Hippos spend their days in the water. As much as they move heavily on land, they show ease in the water but how much does a hippo weigh? (in spanish: ¿Cuánto pesa un hipopótamo?) The male can weigh up to 1800 kg and the female about 1500 kg. When it is deep, they can actually swim. They propel themselves mainly by moving their hind legs, like a frog! When there is less water, they move forward a bit as if they were bouncing, with successive thrusts, resting on the bottom. The water does not reach their eyes or ears. Hippos do everything in the water, including sleeping, during naps.


It is also in the water that mating takes place. The only male is then visible, the female is completely underwater. Only her nostrils come to the surface from time to time. The courtship of the male, before and during mating, is relatively aggressive, and the female seems to hold on with some force underwater.


In the past, hippopotamuses were classified in the order of pachyderms, a word meaning "having thick skin" in Greek. However, the opposite is true: the horny layer of its skin is so thin that the hippopotamus is very sensitive to water loss through evaporation ... It could be that this species spends its days in the water simply because it could not overcome the rate of water loss imposed on it by a day in the tropical African sun.


The other reason they live in the water is to save energy because they eat little. Since the water temperature is almost the same as their body temperature, hippos do not have to burn calories to remain homeothermic (i.e., to maintain a constant internal temperature).



The hippopotamus eats very little, in proportion to its weight. Its daily ration, 40 kg of fresh grass, represents only 1 to 1.5% of its weight in dry matter, while all other ungulates - hoofed animals - need to eat 2.5% of their weight to live. When all goes well, its pastures are, on average, located between 2.8 and 3.2 km from a water point, but, in case of food shortage, it can walk up to 10 km, alone or in small groups. During the dry season, it can even fast for a long time...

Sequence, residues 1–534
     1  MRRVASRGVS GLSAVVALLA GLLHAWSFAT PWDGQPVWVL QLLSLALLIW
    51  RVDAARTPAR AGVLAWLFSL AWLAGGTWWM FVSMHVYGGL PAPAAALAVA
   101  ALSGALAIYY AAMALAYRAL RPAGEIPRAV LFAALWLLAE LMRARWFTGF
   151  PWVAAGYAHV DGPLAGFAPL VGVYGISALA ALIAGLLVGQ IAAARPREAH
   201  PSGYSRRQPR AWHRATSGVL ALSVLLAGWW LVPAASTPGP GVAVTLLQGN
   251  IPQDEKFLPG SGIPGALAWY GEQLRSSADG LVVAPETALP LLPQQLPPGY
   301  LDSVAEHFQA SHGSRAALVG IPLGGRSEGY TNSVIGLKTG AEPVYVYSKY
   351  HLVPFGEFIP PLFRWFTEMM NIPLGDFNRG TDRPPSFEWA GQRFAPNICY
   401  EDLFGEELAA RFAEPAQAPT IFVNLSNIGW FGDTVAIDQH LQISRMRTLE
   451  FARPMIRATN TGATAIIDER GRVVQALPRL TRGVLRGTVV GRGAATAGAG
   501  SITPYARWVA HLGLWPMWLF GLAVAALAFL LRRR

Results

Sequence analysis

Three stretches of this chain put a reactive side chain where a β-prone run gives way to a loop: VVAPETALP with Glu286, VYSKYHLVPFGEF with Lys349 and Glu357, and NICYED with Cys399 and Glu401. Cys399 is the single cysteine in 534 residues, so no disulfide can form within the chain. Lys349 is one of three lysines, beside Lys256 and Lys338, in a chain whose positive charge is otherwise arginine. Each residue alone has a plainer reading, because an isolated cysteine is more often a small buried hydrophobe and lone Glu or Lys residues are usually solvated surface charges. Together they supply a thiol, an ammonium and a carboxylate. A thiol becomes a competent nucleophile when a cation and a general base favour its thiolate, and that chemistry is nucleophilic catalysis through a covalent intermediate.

Another characteristic, mentioned on animal websites (web de animales), is that the hippopotamus only feeds after sunset. In the late afternoon, the acoustic signals become more numerous, the frequency of yawning increases, announcing the approach of food movements. Thus, groups of hippos continue to communicate at night while foraging for food. The animals respond to each other. The sound traveling up to 1 km along the river, a chain of echoes gradually resonates, and from group to group, echoes throughout the river.


Hippos may begin foraging for several kilometers in the stream itself. To get out of the water, they regularly take the same passages, digging hard, to the point of breaking the banks when many of them use the same pathways, night after night ...


The food of the hippopotamus is composed of various species of grasses, of the genera Panicum , Urocholora or Cynodon . Depending on the location, its diet can include a dozen different grasses. It is quite selective, choosing the most palatable species and neglecting the others. For example, it still disdains species of the genus Spirobolus . In fact, its tastes may vary according to the region. The hippopotamus has its local habits: in a reserve in Kwazulu-Natal, South Africa, it feeds on buffalo grass ( Panicum maximum ) and quackgrass ( Cynodon dactylon ).